One especially interesting chapter ventures beyond banking and economic crises to examine the geopolitical dimensions of the energy crisis of the 1970s and its aftermath. Knight discusses some of the tensions in the Middle East, including the Iran–Iraq War and Iraq’s invasion of Kuwait, which led to US involvement in the region. Today, unrest in the Middle East and volatile oil prices continue to be a major concern for world financial markets.

Knight’s gift for writing allows him to turn historic events into fascinating stories. Nowhere is this more apparent than in his chapter on the precious metals market. It features a remarkable cast of characters, including Colonel Muammar Gaddafi of Libya, Armand Hammer of Occidental Petroleum, King Faisal of Saudi Arabia, the billionaire Hunt family, and King Farouk of Egypt. Knight begins with a brief history of gold in the United States following the Great Depression and then moves quickly into the story of the Hunt family’s attempt to corner the silver market. That escapade made the Hunts one of the richest families in the world but ultimately led to their financial ruin. The chapter concludes with a look at the bull market for gold and a rare double eagle gold coin once owned by King Farouk.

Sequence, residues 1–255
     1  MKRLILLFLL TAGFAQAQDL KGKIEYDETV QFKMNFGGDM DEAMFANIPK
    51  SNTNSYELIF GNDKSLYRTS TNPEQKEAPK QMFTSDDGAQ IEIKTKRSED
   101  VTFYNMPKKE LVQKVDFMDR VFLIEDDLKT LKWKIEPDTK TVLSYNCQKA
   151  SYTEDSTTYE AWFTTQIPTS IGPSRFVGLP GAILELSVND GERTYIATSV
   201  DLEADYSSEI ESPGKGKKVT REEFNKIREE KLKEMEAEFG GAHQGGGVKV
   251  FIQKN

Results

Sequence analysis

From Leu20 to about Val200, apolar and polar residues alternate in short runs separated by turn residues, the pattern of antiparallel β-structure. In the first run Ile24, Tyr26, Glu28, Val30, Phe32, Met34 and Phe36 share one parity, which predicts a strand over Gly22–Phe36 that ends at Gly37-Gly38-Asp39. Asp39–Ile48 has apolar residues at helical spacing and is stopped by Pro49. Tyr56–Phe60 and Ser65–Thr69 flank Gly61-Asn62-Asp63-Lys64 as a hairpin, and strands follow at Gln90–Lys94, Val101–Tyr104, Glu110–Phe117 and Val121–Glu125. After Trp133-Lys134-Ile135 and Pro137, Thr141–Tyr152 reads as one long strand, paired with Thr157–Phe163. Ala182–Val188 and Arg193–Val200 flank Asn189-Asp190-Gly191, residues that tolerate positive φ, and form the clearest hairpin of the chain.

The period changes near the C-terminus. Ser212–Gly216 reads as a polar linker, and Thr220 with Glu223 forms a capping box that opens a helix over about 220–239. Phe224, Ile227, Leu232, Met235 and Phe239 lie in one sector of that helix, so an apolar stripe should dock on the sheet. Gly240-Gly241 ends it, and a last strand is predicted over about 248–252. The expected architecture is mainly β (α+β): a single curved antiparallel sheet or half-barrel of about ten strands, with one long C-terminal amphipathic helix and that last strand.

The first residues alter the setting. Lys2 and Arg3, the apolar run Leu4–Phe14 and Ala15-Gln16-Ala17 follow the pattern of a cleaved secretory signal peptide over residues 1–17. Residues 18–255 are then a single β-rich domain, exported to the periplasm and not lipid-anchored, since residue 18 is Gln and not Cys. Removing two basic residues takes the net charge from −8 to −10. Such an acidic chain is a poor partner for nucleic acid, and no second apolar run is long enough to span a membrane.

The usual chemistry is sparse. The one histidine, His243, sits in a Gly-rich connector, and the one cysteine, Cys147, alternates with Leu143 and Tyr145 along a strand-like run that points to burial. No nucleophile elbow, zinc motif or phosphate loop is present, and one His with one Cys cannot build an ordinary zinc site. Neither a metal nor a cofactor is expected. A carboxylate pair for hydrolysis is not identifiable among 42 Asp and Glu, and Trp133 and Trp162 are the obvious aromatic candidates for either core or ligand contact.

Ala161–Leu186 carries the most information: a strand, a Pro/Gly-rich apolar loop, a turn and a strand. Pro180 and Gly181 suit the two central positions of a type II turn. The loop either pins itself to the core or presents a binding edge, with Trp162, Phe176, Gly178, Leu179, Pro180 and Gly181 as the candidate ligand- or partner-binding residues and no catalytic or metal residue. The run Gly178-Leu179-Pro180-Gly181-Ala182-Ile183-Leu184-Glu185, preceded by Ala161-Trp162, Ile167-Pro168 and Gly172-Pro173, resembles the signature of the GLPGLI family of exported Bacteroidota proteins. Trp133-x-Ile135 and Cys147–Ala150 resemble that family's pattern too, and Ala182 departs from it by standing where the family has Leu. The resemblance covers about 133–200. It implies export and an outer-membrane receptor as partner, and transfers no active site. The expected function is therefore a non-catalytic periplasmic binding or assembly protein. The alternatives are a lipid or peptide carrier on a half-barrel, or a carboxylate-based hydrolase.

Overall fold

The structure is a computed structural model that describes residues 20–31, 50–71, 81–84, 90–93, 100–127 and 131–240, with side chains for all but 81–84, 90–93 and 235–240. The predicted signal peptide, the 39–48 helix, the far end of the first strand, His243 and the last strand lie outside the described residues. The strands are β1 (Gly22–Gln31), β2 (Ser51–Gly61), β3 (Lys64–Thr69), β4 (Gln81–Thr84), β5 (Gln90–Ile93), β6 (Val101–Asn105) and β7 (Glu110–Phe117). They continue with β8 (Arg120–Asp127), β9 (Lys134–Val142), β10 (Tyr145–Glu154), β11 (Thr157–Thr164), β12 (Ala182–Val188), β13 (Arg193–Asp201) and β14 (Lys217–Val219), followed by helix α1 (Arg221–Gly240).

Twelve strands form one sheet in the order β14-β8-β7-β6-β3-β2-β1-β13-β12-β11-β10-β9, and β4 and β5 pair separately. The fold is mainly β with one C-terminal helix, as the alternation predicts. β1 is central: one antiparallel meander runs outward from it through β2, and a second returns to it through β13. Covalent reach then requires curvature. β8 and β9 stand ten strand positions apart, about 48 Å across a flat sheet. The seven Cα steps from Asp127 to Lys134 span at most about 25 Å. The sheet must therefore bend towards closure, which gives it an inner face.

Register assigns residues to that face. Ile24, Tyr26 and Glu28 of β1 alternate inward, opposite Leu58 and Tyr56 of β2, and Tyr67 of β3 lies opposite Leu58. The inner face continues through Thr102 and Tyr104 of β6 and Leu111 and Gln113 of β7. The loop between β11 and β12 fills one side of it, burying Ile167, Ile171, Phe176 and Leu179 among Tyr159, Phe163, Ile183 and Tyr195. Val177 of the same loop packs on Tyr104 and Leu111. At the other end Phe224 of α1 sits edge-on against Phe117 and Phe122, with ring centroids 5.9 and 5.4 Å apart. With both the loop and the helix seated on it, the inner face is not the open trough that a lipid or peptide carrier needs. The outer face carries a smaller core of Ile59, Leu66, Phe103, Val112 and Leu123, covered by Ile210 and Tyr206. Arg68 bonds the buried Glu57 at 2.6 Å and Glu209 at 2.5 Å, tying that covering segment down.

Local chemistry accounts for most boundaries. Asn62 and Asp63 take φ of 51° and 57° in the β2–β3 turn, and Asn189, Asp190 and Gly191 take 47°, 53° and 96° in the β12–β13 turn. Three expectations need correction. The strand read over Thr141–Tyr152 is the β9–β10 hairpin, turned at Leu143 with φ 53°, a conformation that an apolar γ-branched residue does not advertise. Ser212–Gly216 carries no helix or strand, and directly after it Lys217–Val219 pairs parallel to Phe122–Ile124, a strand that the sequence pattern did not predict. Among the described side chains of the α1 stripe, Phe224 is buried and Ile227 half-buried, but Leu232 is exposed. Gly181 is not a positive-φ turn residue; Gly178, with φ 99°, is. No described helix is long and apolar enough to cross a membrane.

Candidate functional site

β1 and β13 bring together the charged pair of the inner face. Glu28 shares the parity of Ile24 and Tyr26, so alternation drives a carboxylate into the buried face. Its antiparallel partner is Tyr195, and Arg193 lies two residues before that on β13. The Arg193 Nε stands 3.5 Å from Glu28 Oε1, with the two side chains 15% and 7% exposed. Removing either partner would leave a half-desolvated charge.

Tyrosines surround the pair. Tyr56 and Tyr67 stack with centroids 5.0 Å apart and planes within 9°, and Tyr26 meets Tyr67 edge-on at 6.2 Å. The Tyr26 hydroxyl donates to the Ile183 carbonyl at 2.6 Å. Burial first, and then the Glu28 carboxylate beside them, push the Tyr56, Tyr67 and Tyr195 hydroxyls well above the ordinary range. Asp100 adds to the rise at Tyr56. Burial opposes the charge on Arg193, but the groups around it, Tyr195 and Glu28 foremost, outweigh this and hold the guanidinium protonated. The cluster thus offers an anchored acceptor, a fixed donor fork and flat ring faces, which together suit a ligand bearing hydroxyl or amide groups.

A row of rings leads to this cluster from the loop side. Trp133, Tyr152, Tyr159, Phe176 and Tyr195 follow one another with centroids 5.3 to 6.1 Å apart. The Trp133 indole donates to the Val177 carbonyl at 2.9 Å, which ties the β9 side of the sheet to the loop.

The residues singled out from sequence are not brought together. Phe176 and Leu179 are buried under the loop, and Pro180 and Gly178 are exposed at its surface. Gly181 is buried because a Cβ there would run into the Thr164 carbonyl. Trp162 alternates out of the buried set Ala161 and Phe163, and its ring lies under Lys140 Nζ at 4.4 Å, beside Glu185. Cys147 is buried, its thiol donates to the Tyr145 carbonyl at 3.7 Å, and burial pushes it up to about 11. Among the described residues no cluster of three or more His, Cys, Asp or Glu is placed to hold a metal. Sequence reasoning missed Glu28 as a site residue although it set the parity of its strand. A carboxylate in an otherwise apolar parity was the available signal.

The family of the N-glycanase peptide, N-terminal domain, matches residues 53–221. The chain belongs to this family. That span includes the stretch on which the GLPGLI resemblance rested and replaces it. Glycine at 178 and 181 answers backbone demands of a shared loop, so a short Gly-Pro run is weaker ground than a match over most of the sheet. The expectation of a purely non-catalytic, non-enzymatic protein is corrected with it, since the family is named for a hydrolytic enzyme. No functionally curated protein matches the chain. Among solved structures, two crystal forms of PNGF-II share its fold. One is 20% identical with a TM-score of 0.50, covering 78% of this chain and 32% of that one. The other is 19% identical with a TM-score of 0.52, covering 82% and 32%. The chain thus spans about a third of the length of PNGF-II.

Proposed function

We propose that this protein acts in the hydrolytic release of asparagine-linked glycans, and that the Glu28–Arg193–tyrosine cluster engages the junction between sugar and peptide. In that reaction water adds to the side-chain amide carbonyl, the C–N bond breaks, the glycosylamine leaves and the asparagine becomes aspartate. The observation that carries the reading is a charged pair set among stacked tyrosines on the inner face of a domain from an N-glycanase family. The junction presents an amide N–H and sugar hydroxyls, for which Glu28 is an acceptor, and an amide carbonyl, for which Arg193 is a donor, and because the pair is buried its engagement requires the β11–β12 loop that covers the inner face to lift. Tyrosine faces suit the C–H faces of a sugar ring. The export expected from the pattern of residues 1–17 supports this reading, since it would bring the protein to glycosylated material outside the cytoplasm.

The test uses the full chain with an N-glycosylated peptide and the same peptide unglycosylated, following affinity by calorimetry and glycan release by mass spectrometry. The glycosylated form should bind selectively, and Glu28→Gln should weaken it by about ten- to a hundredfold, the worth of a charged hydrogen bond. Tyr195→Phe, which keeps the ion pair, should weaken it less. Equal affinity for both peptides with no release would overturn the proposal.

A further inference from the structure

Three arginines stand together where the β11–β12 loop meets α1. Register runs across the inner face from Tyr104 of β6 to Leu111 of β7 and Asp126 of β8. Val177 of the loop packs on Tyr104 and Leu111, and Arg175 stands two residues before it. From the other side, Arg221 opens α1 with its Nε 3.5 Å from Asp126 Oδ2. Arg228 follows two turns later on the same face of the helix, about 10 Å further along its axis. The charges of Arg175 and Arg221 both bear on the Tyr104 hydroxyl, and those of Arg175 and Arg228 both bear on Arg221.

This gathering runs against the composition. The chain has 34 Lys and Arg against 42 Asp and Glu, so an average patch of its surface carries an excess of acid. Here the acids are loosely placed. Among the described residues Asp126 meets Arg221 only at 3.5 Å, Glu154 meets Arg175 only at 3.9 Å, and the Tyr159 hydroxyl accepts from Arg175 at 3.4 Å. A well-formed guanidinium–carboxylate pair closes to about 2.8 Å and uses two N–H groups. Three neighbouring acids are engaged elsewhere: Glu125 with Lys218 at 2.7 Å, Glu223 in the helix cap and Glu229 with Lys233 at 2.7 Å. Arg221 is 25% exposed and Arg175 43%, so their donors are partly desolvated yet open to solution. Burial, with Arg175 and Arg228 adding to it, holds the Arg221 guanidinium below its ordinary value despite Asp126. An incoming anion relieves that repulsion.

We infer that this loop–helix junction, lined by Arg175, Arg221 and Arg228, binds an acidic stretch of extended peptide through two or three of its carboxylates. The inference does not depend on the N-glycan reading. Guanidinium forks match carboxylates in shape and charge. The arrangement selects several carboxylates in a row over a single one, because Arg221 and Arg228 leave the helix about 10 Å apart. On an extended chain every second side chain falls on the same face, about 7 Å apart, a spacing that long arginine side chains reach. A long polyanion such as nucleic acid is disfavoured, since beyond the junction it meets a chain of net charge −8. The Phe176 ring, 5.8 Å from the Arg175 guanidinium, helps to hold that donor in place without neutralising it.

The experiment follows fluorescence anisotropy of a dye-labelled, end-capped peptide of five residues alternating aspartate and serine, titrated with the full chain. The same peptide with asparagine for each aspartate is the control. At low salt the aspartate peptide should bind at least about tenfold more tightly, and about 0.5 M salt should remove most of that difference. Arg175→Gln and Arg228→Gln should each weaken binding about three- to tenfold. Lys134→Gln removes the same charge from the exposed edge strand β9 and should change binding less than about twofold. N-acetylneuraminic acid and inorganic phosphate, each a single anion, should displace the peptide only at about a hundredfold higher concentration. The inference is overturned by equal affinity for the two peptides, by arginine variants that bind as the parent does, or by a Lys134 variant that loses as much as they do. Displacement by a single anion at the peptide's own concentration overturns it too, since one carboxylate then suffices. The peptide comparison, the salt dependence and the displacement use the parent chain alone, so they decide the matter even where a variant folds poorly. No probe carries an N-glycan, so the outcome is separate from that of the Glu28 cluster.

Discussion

Panic, Prosperity, and Progress delivers a fascinating look at some of the most famous episodes in the history of world financial markets. Reading about these historic events may help investors recognize potential opportunities and future crises. Those who are interested in an overview of the most storied incidents in financial market history will find this book an enjoyable read. Those who need a starting point for serious research on these topics or are interested in more details on these episodes may want to look elsewhere.